Words At War: The Civil War and American Journalism, Sachsman, David B., Rushing, S. Kettrell and Morris, Roy, editors, Purdue University Press, 412 pp.,index, notes, 2008, $29.95.
Words at War analyzes the various ways in which the nation's newspaper editors, reporters, and war correspondents covered the Civil War. In doing so they both reflected the mindsets of their readers and shaped the responses of their subscibers and their antagonists. The sections of Words at War: Fighting Words, Confederates and Copperheads, Union Forever, and Continuing Conflict trace the evolving roles of the press in the antebellum, wartime, and postwar periods.
Spanning 1820 to 1900 the work offers a very large slice of newspaper history. Not limited to the Secession Crisis, campaigns and battles, Words at War covers the Nullification Crisis of 1832, the Amistad trial, the emergence of the Whig Party, the birth of the Republican Party, the Southern Press Association, the Sioux Trial of 1862, Edwin Stanton as Spinmeister, the post-war constitutional amendments, the Klan and race riots, popular religion, and lynching. Famous battlefront reporters and their writings are not neglected. Thirty essays, each with its own notes, satisfy the reader looking for scholarship. J. Cutler Andrews' seminal studies, The North Reports the Civil War and The South Reports the Civil War and Lorman A. Ratner's and Dwight L. Teeter's Fanatics and Fire-eaters: Newspapers and the Coming of the Civil War by now have company on CWL's bookshelf.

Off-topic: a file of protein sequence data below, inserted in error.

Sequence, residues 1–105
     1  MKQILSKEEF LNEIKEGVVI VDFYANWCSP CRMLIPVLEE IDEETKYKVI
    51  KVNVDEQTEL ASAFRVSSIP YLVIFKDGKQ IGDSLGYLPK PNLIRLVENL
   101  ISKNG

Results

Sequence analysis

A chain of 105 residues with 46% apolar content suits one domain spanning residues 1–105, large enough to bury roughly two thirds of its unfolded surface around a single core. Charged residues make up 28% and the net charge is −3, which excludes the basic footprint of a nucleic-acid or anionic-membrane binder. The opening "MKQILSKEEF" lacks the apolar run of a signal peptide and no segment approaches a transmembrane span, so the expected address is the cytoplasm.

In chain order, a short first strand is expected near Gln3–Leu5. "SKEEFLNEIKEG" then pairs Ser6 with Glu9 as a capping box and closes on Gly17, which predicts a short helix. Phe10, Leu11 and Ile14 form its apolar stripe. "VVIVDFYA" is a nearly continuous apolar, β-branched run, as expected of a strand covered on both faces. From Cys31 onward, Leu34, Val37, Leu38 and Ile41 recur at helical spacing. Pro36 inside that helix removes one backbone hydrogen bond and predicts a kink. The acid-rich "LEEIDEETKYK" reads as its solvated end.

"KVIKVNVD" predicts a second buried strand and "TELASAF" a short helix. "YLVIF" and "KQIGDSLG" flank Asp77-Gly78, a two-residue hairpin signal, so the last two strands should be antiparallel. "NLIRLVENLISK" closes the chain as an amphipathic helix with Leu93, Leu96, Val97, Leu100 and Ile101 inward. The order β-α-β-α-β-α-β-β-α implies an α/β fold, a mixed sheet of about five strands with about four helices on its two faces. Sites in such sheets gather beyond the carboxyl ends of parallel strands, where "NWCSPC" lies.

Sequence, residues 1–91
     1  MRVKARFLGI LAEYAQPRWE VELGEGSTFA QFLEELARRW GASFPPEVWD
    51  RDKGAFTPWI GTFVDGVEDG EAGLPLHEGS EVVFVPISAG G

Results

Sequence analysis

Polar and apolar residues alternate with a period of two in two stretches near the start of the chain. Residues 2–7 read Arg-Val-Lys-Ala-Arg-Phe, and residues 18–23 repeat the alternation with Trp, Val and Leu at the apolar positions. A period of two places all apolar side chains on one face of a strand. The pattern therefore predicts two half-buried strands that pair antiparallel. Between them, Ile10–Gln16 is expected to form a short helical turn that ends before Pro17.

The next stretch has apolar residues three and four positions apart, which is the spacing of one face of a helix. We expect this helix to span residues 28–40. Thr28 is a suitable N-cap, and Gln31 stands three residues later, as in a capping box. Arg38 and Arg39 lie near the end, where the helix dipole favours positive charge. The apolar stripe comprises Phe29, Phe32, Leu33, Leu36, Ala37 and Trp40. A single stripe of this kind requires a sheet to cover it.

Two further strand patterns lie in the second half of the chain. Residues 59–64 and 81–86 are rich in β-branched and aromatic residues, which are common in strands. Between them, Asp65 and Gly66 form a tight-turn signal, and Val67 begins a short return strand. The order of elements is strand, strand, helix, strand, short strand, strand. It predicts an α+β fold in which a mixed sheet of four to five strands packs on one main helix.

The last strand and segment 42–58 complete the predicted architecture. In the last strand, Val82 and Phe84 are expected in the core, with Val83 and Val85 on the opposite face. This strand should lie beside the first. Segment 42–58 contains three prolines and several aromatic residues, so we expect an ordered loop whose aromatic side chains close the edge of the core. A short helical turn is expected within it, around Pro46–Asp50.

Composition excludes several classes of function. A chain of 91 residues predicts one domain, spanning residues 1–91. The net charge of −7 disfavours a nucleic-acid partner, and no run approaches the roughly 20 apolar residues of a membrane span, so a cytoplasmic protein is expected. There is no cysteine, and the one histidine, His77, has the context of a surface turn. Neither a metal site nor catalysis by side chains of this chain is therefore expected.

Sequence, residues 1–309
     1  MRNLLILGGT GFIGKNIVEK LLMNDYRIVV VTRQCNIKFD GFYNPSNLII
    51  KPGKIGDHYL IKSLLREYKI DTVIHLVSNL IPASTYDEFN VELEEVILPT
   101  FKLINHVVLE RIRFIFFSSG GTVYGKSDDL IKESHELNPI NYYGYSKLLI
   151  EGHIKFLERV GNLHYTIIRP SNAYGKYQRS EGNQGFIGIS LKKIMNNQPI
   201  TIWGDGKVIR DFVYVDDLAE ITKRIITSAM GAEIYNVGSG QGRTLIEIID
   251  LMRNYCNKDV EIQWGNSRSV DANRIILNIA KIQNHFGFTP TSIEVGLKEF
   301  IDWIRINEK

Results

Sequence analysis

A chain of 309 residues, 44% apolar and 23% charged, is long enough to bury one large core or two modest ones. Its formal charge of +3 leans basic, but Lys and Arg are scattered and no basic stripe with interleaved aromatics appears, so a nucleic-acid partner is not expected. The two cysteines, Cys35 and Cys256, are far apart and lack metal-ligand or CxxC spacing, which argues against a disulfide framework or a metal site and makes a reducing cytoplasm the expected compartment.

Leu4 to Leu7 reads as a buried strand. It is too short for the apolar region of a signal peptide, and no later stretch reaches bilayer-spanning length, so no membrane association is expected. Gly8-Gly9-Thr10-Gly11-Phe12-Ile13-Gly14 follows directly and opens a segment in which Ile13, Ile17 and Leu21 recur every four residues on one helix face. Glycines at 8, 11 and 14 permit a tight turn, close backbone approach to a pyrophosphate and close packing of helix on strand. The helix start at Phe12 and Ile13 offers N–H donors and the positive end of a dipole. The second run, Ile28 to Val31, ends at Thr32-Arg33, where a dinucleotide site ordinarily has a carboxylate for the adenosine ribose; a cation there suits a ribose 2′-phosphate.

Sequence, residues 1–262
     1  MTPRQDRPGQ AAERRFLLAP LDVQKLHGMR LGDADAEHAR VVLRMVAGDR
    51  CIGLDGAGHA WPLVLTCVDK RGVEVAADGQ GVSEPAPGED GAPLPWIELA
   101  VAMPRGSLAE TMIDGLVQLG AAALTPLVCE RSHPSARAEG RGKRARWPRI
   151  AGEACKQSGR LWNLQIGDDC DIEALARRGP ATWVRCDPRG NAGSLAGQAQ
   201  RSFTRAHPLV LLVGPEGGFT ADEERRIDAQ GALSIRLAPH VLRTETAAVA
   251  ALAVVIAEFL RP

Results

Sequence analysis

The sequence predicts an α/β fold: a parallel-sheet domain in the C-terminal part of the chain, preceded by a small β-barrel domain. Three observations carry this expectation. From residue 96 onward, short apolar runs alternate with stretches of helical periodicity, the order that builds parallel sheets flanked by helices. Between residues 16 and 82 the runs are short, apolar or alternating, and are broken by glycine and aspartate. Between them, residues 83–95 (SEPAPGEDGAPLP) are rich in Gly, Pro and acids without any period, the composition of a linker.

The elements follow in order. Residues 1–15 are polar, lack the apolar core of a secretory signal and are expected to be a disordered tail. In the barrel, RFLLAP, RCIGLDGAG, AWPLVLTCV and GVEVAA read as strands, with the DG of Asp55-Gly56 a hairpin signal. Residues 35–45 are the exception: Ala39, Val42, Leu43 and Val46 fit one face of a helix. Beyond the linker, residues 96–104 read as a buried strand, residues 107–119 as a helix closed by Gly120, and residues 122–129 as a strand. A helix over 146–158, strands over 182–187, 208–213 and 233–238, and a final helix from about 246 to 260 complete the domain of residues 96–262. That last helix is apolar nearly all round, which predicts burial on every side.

Top Image Source: General Ambrose Burnside reads newspaper to Matthew Brady.
Bottom Image: Stacked Arms with Newspaper Reader